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Tag Archive: Knowledge

The idea of the good is the highest knowledge

Posted: Saturday, April 2, 2011 (7:55 pm), by John W Gillis


Quote of the Day for Saturday, April 2nd, 2011:

Socrates on the knowledge of the good, in Plato’s Republic (Book VI, Jowett translation):

When little things are elaborated with an infinity of pains, in order that they may appear in their full beauty and utmost clearness, how ridiculous is it that we should not think the highest truths worthy of attaining the highest accuracy! … [Y]ou have often been told that the idea of the good is the highest knowledge, and that all other things become useful and advantageous only by their use of this. . . [Without the knowledge of the good], any other knowledge or possession of any kind will profit us nothing. Do you think that the possession of all other things is of any value if we do not possess the good?

Some knowledge is useless, and is not really knowledge at all; some is trivial, and distracts from the pursuit of wisdom; some is useful for understanding; some is essential to understanding; and then some is understanding itself.

Or…

Mark 8:36 (DRV)
36 For what shall it profit a man, if he gain the whole world, and suffer the loss of his soul?

1 Corinthians 13:2 (DRV)
2 And if I should have prophecy and should know all mysteries, and all knowledge, and if I should have all faith, so that I could remove mountains, and have not charity, I am nothing.

The Ordering of Knowledge

Posted: Tuesday, June 30, 2009 (11:39 pm), by John W Gillis


0615082001a

One of the benefits of my recent living space changes has been the opportunity to revisit my library cataloguing scheme.

For years, I used Dewey Decimal Classification coding to organize my books. The Dewey system has the advantage of having had the majority of books already catalogued within the system – and most of the newer volumes include a Dewey number assignment within the Library of Congress cataloguing information after the title page, meaning that not only would I not need to go through the process of categorizing and assigning lookup numbers to the books, but I would often have the cataloguing information readily at hand, without even having to look them up in another library’s holdings. It’s a ready-made system that can be implemented with very little effort – and, furthermore, knowing the system makes it very easy to find works in many other libraries.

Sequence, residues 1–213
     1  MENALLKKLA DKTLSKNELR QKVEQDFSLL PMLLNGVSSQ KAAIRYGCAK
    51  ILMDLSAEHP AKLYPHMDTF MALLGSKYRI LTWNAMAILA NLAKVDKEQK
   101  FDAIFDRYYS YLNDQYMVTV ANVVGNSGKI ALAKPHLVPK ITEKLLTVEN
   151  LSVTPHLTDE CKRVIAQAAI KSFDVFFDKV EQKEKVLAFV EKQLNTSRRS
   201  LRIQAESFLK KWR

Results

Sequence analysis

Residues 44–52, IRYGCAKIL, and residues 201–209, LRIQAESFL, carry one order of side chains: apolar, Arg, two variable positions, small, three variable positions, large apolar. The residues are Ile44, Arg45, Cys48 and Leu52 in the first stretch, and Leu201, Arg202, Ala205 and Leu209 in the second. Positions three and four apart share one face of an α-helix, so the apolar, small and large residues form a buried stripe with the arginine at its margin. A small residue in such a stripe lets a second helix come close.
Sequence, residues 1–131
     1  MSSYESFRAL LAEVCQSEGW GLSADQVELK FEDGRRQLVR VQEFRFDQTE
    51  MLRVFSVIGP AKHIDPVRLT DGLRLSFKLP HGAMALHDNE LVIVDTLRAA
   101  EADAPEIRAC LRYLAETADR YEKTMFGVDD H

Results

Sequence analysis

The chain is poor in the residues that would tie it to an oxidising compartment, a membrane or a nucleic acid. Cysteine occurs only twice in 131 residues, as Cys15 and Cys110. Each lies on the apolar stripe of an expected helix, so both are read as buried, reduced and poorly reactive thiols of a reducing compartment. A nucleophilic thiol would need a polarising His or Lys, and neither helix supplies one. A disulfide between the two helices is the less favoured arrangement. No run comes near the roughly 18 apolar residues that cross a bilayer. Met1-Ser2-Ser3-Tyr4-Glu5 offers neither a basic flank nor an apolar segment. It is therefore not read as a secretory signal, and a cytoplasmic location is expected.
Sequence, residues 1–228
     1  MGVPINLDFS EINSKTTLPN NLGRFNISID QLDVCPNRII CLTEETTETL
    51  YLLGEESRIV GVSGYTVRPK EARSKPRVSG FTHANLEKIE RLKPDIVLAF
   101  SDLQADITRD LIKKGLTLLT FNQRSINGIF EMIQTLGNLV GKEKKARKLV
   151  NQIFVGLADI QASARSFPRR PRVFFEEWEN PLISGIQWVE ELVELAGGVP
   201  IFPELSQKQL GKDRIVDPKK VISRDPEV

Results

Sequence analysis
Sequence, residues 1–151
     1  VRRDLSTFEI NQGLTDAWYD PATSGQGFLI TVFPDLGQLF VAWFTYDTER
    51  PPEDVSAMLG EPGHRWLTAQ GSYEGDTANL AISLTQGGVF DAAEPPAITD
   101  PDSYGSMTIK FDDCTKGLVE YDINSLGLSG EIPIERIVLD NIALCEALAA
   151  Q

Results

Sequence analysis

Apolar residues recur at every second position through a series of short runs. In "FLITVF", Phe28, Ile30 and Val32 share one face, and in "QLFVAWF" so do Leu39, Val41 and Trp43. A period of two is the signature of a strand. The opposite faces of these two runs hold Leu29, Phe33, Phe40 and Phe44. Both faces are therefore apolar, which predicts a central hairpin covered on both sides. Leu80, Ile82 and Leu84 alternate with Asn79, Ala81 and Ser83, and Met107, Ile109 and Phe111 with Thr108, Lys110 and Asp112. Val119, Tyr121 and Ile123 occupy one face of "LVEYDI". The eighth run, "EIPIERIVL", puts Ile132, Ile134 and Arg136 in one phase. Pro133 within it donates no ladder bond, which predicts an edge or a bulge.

However, I decided a few years ago to move to a simpler system – and lacking ready access to a suitable alternative, I resorted to making up my own. The problem I had with the Dewey system was that it made too fine a distinction,for a library as small as mine, among subjects. I find it very useful in larger libraries that the Dewey system co-locates books based on fairly precise subject matter (all within a simple framework of basic disciplines), but it tends to scatter multiple books by the same author, which is pretty non-intuitive. Moreover, in a small library, there won’t be a lot of exact duplication of call numbers among the various volumes, unless the collection is quite topically focused. The end result is a library that seems inadequately grouped.

A library ordering scheme needs to implement two organizing functions: grouping and sequencing. For a personal library like mine, I think a broader categorization at the subject level is appropriate, facilitating the co-location of most or all of a writer’s body of work. For example, Thomas Oden wrote a three-volume systematic theology, where one volume focused on God the Father, a second on the Word of God, and a third on the Spirit of God. One could argue that these belong together as a set regardless, but apart from that, in a large theological library, one could justifiably locate the second volume among Christological works, the third volume among Pneumatology, etc. But this would hardly make any sense in a library with few if any other pneumatological works.